Canada's central bank left its target for the benchmark overnight rate steady at 1.0 percent, as expected, saying its current accommodative policy stance is appropriate for the time being given the slack in the economy, the muted outlook for inflation and a better balance in household finances.
But the Bank of Canada (BOC) added its "considerable monetary policy stimulus" will still have to be withdrawn at some point to meet its 2.0 percent inflation target, maintaining a slight bias toward raising rates.
The BOC started warning financial markets in April that it would have to raise rates but last month pushed back the expected timeframe for raising rates, saying a tightening was less imminent than previously anticipated due to a more muted outlook for inflation and the beginnings of a more balanced financial situation for households.
The bank said in its statement that it expects the "growth in household credit to moderate further, with the debt-to-income ratio stabilizing near current levels."
Canada's economy expanded by an annualized 0.6 percent in the fourth quarter, the bank said, with solid domestic growth offset by a sharp reduction in the pace of inventory investment.
"The Bank expects growth in Canada to pick up through 2013, supported by modest growth in household spending combined with a recovery in exports and solid business investment," the BOC said.
Exports, however, are likely to remain below their pre-recession peak until the second half of 2014 due to restrained foreign demand and "ongoing competitiveness challenges, including the persistent strength of the Canadian dollar," the bank said.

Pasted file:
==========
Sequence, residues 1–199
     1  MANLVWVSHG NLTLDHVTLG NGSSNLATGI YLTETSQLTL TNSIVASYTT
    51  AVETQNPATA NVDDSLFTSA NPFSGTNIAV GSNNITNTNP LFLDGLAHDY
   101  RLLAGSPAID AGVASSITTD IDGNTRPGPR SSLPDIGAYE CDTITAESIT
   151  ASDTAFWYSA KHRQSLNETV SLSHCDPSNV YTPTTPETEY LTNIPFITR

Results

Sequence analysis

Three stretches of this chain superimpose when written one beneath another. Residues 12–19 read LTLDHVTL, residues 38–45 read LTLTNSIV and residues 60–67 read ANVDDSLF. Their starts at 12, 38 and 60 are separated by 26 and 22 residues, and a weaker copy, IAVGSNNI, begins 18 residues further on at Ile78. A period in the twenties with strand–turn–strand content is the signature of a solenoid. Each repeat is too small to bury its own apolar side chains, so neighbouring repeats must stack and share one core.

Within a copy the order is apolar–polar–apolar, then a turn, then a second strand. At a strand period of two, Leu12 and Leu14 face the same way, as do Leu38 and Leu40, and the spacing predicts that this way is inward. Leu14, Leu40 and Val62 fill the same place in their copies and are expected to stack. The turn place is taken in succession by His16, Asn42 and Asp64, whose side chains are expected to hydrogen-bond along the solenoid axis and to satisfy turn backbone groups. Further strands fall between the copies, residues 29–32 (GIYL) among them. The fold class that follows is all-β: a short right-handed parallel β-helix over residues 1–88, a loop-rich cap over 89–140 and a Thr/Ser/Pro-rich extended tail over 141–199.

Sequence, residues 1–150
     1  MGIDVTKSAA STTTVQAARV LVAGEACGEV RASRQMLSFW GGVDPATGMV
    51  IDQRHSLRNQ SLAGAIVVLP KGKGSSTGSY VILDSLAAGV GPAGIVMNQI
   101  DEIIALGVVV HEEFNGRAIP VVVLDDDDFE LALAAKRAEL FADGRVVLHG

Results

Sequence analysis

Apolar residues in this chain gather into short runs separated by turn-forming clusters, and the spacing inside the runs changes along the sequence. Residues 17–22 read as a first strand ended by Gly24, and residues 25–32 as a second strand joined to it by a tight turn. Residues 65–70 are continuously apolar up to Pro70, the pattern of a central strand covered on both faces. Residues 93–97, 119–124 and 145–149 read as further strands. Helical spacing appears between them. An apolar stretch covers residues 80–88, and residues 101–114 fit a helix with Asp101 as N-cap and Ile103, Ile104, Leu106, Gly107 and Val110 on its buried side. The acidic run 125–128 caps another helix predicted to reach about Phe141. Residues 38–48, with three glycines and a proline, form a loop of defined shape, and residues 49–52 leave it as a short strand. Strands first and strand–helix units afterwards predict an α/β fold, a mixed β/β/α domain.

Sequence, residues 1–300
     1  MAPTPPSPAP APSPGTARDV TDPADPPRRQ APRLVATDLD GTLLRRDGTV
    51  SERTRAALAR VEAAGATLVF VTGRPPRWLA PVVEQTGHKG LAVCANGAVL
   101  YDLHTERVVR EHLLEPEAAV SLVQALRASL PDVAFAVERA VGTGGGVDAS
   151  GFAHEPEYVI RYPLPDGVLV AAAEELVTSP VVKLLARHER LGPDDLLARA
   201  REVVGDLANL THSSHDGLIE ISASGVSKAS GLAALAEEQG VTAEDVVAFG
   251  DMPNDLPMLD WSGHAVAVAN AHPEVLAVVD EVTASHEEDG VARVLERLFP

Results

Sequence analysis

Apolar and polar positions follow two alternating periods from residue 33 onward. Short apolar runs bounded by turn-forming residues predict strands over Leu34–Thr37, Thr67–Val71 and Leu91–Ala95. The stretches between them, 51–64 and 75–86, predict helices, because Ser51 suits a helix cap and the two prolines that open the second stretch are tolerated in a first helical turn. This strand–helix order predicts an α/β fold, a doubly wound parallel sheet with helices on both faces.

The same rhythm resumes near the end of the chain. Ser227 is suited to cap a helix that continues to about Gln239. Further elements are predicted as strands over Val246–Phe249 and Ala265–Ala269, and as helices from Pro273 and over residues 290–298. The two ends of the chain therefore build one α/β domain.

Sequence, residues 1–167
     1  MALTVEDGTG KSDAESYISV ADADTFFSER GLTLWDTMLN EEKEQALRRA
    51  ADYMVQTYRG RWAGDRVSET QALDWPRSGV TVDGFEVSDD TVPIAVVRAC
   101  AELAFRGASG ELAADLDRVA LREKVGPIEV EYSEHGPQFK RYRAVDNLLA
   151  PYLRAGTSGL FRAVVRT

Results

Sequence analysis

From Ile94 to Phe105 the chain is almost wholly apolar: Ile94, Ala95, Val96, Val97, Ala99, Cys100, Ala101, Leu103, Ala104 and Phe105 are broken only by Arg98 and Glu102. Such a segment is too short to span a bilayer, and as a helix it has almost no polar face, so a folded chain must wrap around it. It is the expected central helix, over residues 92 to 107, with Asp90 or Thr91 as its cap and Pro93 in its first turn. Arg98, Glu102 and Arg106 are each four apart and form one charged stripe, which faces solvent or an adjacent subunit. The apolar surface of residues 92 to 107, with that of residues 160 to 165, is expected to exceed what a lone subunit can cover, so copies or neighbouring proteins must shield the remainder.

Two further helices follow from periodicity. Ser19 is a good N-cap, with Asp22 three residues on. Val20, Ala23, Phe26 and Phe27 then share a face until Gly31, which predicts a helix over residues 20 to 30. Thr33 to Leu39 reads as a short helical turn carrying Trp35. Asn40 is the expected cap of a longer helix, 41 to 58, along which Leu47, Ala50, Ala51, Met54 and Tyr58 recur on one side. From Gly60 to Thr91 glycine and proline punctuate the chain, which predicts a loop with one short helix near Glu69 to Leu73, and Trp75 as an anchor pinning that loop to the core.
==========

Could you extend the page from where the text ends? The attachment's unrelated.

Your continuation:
The BOC said the global economic outlook was largely in line with its forecast from January and global financial conditions remain stimulative. Fiscal drag in the United States over the next two years is likely to be more front-loaded than expected due to the current sequestration budget cuts and the recession in Europe continues.
Growth in China, however, has improved while economic activity in other major emerging countries is expected to benefit from policy stimulus, the bank said.
Inflation in Canada has been more subdued than expected and headline and core inflation is expected to remain low in the near term before gradually rising towards 2.0 percent as the economy returns to full capacity.
Canada's headline inflation rate eased to 0.5 percent in January from 0.8 percent in December.
Compared with the third quarter, Canada's Gross Domestic Product rose by 0.2 percent in the fourth quarter for year-on-year growth of 1.1 percent.